Only Leeds (69) have conceded more Premier League goals than Southampton (68) in 2022. Fortunately this time of the year is for resolutions. Change is required - and quick.
The Boxing Day visit of bottom side Wolves represented a hugely-significant restart to the Premier League for Everton. Lampard's side had lost five of the previous seven, taking just four points from a possible 21, and sat just a point outside the bottom three.
They had won just three times as last season's dreadful form continued into another campaign so the break for the World Cup did them a favour in stopping the bleeding for a time at least.
It was a chance for the hosts to reset. Come May, the outcome of this fixture could well be viewed as a significant moment, and the manner of Wolves' late victory could have serious ramifications for Everton.
It would have been a mixed reaction to the final whistle had this game ended 1-1 but the mood sharply turned toxic. "It was a real sickener," defender James Tarkowski admitted. "We're together as a group. We back the manager and he backs us."
Would a draw have put pressure on Lampard? It felt like a game he could not lose, but the manner in which his side contrived to throw away a point will have alarm bells ringing once more among supporters and members of the Everton board.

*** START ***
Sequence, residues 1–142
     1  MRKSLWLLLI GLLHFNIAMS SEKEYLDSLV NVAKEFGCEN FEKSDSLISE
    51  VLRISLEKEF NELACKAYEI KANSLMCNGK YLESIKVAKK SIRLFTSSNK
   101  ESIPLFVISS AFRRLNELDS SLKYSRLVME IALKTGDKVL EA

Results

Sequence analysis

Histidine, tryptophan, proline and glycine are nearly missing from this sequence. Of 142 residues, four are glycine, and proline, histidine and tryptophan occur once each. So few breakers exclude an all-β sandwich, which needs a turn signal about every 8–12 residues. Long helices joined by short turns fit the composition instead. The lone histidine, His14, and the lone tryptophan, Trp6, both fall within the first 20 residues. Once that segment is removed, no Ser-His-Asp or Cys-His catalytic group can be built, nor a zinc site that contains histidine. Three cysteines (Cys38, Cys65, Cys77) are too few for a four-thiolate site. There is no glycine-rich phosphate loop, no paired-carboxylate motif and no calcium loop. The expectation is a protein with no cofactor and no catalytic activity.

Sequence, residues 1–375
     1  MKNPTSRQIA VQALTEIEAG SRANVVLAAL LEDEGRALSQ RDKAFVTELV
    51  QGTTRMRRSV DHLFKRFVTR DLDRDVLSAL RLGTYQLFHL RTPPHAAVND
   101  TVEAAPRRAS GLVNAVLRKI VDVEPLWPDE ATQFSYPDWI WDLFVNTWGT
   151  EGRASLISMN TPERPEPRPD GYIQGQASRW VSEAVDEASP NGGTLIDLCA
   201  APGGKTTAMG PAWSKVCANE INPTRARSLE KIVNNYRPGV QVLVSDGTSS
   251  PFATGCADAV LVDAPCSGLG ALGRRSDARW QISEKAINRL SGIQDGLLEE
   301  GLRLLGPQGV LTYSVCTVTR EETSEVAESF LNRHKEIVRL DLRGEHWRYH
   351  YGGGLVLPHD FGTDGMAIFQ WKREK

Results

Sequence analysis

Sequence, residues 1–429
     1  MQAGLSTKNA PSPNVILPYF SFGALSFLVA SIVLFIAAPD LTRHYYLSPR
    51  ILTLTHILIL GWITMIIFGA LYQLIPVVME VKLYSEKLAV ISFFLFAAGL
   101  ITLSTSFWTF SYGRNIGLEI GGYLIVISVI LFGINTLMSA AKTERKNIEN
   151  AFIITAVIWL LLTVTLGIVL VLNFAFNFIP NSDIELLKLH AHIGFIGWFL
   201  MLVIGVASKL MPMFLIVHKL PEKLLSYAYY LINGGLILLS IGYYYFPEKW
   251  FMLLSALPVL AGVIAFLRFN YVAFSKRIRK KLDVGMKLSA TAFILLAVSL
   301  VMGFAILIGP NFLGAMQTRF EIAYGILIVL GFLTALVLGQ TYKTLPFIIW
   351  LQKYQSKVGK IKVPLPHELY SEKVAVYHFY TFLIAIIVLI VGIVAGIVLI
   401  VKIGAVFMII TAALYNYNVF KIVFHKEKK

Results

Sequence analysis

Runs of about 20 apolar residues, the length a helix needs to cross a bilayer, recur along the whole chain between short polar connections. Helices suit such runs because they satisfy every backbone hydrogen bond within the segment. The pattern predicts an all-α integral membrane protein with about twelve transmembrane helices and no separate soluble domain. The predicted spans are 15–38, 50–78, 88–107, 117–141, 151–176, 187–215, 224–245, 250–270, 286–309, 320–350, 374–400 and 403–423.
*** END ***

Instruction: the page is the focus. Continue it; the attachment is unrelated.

They performed well in the practice games leading up to this in Australia and behind closed doors in beating Aston Villa but Lampard is starting to feel the heat.
The Everton boss had defiantly said prior to kick off that his side were motoring along nicely before a final week pre-World Cup which 'tainted' the first 15 weeks of the Premier League season. Certainly the events at Bournemouth across two resounding defeats changed the complexion of Everton's start to Lampard's first full season in charge, but all momentum has now been lost.
Lampard had told his players to be 'grown-ups' about their predicament by rolling up their sleeves in the hectic festive schedule but they could not cut out the noise here. Not with their fans urging them forward and leaving the back door so wide open.
The club are staring at another relegation battle unless significant moves are made in the transfer window to rectify their shortcomings and they could be in the bottom three by the time they travel to Manchester City at the weekend.
Julen Lopetegui has wasted little time in strengthening his Wolves squad with the arrival of Matheus Cunha from January 1 and Lampard must hope for the same if he is to be afforded time to cure Everton and avoid another winter of discontent.